Great phrase Steve "stuck in Los Angeles" (always applies).
Marx and two hundred grand?

Glad to hear you had a great trip -

Rick

Steve Cotton said...

Al -- I did not get to the Getty Museum. Maybe next time.

Calypso said...

"...it somehow let's us meet in places we couldn't get to in any other way."

Terrific quote Amigo - music to my ears.

Steve Cotton said...

Rick -- Who knows. I may come to love LA.

Calypso -- You can seldom go wrong with Anne Lamott.

Felipe said...

Age 12 is hardly perfect. The perfect age is when you start getting girls to take their pants off. Duh.

- Mexican Trailrunner said...

Ah, Annie Lamott, Just last night I finished Grace (Eventually). We used to live in the same town in Marin. She can certainly turn a phrase, as can you Sr. Cotton.

Islagringo said...

There's a Six Flags by Mexico City. Want to go? I, too, will go on any ride, anytime.

Charles said...

Steve - I think due to our modern communication age that 9 or 10 is probably the new 12 - kids today are really savvy early on - and I'm not so sure that's a good thing - the world is in their face 24/7 and I feel that is one of the major causes of drug abuse - the world is thrust upon them and they can't handle the reality at such a young developmental stage - so they feel a need to escape. Kind of sad in many ways.

Felipe - In light of the above and what I read in the news, there are evidently more than a few 12 year-olds shedding their clothing way before they are mature enough to accept the consequences. Once again, they have too much access to too much information early on and both parents are too busy trying to earn a decent living to give them the nurturing we had. Again - a sad footnote to our modern society.

Joe S. said...

You know I still love the "Magic Kingdom" of Disney, so much so that I try to scheme with my daughters (16 & 22)when we can go again( there is no such thing as cost containment with them). I'm wondering if you had access to "underground disney" the performers lair, etc.??

Arnie B said...

I agree with 12 being the perfect age.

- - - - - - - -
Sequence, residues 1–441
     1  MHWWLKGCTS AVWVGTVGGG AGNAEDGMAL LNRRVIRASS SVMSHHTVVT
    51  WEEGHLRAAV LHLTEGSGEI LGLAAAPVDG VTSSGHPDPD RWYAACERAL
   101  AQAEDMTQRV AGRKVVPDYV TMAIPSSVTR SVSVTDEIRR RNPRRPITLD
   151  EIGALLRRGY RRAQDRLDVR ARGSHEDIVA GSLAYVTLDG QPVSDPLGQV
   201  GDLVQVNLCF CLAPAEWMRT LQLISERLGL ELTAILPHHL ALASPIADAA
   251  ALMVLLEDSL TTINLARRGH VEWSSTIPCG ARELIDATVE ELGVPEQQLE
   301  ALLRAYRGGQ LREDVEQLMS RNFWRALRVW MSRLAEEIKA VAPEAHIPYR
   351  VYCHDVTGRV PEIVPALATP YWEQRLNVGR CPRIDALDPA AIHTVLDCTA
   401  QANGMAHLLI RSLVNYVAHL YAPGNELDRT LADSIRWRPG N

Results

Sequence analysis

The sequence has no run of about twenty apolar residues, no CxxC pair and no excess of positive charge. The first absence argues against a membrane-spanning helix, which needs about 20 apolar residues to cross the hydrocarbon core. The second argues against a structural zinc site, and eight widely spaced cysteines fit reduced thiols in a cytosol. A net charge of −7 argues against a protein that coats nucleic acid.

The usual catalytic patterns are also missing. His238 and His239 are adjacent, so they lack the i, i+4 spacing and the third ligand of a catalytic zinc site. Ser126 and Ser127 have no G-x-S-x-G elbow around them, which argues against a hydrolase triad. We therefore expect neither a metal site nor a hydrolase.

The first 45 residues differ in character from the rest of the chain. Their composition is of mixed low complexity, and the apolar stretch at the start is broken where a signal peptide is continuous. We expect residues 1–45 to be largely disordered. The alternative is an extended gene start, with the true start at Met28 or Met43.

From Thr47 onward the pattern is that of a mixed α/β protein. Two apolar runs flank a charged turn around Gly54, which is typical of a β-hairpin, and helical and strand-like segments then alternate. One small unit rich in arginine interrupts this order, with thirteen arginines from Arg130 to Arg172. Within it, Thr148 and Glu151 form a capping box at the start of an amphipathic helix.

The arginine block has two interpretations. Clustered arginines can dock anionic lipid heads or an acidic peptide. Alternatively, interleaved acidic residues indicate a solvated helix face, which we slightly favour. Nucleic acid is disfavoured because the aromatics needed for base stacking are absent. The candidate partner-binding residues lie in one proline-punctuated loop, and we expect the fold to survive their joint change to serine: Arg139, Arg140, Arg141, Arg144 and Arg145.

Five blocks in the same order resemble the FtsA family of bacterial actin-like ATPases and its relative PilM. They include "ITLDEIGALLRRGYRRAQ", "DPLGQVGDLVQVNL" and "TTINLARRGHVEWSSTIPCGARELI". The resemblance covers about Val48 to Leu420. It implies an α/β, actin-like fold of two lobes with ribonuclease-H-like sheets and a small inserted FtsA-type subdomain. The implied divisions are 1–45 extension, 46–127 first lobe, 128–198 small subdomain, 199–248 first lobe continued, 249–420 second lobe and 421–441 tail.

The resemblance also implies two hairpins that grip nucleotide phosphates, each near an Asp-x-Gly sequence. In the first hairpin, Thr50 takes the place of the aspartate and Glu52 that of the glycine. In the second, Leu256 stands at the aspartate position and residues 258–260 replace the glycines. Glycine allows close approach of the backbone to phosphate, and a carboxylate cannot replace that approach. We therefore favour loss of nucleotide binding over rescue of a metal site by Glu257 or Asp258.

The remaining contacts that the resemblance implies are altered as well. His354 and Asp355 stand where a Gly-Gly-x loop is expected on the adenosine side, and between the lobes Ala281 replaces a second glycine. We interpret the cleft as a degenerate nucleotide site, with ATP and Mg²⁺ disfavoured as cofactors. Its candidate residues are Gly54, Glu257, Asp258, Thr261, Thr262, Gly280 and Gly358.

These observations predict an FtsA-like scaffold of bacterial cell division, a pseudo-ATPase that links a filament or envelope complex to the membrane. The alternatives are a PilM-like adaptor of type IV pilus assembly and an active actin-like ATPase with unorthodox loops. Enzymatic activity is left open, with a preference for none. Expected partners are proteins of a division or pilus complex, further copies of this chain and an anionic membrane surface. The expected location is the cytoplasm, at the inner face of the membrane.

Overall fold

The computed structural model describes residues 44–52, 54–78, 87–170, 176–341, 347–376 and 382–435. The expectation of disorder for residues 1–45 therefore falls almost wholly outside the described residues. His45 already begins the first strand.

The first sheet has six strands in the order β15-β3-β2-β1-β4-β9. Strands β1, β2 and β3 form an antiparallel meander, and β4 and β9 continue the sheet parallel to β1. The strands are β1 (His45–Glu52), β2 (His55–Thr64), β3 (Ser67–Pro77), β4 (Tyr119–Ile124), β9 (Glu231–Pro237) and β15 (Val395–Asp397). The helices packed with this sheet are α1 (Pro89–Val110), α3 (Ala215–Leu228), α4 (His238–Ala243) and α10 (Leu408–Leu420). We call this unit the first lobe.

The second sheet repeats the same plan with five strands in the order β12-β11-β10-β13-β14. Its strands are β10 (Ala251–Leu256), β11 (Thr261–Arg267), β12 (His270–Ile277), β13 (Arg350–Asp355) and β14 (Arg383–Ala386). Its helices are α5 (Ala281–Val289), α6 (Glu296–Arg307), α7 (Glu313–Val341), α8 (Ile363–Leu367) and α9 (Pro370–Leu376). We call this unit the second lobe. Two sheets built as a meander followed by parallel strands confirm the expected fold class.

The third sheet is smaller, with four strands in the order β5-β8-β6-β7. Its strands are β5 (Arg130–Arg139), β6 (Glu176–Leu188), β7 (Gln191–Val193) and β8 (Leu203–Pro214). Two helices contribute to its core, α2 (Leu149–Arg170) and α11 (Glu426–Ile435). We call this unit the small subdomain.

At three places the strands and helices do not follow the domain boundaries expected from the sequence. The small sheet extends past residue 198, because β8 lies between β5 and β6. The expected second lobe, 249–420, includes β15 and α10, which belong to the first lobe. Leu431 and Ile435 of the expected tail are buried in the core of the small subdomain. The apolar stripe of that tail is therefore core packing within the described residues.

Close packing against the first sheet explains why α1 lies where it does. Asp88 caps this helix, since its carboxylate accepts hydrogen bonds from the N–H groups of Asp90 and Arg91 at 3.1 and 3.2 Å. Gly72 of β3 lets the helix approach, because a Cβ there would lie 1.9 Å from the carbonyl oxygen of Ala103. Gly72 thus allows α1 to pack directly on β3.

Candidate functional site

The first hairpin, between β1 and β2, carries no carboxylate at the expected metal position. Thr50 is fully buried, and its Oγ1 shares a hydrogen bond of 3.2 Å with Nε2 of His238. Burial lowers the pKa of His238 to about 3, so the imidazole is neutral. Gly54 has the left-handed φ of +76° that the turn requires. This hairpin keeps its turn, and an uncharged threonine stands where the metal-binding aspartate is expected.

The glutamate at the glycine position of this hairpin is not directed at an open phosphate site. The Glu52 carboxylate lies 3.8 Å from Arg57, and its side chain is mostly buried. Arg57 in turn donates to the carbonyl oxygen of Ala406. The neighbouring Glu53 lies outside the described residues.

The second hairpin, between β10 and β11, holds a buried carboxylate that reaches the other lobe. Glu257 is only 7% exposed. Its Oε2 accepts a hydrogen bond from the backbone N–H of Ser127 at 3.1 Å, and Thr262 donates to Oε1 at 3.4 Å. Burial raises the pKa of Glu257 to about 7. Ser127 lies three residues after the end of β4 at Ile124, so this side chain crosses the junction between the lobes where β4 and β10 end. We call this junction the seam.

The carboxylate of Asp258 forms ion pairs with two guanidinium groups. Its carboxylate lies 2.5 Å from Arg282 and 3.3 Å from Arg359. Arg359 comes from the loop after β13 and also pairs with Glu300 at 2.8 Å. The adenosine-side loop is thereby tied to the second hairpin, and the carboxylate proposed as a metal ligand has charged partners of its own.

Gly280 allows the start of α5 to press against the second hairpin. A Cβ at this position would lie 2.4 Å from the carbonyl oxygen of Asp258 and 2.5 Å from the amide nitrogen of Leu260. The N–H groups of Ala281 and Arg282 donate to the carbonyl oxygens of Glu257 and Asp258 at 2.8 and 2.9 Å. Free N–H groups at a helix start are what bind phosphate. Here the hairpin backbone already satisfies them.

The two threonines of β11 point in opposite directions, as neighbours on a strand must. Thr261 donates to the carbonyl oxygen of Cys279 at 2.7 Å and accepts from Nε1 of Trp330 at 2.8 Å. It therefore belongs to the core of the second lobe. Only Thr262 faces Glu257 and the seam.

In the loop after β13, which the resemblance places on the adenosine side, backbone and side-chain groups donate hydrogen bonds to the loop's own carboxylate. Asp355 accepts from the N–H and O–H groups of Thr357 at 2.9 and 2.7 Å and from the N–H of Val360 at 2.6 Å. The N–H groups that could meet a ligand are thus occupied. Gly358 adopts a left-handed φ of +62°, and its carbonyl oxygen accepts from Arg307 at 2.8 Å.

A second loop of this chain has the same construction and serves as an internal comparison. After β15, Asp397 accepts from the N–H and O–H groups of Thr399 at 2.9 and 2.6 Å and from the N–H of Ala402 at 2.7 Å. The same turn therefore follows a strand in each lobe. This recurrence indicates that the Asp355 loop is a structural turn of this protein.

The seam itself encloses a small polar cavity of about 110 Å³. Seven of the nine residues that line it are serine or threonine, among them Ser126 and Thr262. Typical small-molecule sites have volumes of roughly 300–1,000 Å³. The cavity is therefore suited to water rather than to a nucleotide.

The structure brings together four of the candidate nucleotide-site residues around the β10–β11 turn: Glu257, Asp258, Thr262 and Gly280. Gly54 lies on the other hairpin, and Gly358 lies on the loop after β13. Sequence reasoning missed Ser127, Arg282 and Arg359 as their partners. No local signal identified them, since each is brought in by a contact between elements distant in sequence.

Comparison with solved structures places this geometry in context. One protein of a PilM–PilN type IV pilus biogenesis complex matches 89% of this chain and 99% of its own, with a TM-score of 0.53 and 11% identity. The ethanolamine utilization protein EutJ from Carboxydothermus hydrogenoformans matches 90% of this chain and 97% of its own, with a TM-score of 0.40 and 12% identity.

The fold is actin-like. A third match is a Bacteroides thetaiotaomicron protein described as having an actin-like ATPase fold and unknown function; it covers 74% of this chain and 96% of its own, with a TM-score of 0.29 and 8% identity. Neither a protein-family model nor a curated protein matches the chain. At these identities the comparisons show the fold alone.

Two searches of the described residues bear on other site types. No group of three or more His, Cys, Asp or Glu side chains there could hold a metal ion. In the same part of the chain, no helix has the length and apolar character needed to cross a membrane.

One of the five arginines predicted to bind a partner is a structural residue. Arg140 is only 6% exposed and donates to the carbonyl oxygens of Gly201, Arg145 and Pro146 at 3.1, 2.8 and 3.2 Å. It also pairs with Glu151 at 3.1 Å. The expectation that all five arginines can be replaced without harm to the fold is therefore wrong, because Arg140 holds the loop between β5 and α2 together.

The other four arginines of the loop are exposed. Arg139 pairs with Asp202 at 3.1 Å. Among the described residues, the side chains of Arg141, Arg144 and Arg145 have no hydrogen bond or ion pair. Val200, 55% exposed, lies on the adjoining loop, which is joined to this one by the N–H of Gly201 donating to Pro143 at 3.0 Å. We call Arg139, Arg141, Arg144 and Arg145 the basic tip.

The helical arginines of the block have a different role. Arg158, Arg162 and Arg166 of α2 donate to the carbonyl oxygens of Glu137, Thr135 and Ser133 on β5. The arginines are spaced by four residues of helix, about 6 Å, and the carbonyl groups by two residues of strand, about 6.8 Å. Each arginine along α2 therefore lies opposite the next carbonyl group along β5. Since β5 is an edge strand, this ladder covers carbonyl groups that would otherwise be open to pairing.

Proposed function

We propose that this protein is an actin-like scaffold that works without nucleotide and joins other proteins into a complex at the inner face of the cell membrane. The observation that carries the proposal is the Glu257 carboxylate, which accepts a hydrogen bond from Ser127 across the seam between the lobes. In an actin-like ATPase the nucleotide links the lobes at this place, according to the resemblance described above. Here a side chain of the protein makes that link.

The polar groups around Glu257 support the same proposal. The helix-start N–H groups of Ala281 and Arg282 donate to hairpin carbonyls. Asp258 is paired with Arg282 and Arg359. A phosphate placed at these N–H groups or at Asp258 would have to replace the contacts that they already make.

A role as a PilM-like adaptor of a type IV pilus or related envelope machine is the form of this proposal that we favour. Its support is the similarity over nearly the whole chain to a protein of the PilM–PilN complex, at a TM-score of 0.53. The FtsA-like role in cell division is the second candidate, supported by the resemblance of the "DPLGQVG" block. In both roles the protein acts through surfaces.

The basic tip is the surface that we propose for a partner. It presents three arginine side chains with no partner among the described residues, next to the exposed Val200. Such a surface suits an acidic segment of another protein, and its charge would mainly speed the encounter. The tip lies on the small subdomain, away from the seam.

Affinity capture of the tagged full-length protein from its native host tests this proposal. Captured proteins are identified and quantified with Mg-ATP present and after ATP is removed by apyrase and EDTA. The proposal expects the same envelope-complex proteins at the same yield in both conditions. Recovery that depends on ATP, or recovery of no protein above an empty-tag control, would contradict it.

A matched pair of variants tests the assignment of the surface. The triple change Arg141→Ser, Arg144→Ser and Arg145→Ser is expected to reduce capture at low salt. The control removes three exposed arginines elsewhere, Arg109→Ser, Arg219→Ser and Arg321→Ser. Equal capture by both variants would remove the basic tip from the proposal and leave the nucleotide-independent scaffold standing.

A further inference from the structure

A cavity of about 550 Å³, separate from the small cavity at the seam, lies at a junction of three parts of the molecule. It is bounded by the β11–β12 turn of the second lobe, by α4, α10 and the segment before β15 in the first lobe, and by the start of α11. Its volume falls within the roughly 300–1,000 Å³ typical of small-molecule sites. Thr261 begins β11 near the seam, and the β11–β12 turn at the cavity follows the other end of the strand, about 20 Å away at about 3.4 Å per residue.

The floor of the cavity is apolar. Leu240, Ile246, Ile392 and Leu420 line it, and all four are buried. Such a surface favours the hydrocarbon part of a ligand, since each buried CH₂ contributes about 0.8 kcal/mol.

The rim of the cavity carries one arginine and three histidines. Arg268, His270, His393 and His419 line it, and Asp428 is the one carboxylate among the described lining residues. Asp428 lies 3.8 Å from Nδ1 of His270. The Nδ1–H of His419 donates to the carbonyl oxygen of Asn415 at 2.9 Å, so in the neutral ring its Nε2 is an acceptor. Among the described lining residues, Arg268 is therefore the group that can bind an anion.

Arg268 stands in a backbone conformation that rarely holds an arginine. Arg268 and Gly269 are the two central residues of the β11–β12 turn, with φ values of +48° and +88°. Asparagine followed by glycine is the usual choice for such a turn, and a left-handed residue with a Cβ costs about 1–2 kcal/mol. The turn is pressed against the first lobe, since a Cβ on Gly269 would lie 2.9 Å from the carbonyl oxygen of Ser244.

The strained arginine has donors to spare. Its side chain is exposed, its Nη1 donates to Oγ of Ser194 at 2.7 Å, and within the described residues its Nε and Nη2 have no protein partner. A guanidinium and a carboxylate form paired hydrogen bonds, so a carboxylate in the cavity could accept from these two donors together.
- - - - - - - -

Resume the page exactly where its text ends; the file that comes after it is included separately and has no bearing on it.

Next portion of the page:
$5 a week allowance, access to Dad's lawnmower for side jobs if I felt like it, free room and board, tricked out bike so I could take it fishing, Van Halen just came out with their first album, baseball in the park after dinner until you couldn't see anymore.

13 is when Dad got laid off and Mom was on disability. I started working for reals and haven't stopped since. High school years: no more sports (work), no girlfriend(work), no prom (work).

I remember 12 well.

Babs said...

I don't even remember being 12 - now 39 is a different story - entirely.

Steve Cotton said...

Felipe -- You thrive in a world of complex complications. Some of us yearn for a simpler time.

Islagringo -- We need to talk. Be there roller coasters, matey?

Mexican Trailrunner -- I have been reading Grace(Eventually) off and on for a few months. I need to get back to it -- eventually. It is not quite as well-written as some of her other essay compilations.

Charles -- John and I are of a certain age. We both agree that we want to be 12 in the era where we grew up -- not the current one.

Joe -- One of these days we will need to talk about the true adventures on this trip. Being 12 has its advantages.

Arnie B -- Glad to hear there is another vote for the Back to 12 movement.

Babs -- Funny. I remember 12 far better than almost any other age. Maybe it is a boy thing.

glorv1 said...

Just stopped by to wish you a very HAPPY THANKSGIVING DAY. Enjoy.

Sounds like quite a trip.

Steve Cotton said...

Thanks, Gloria. Back at you.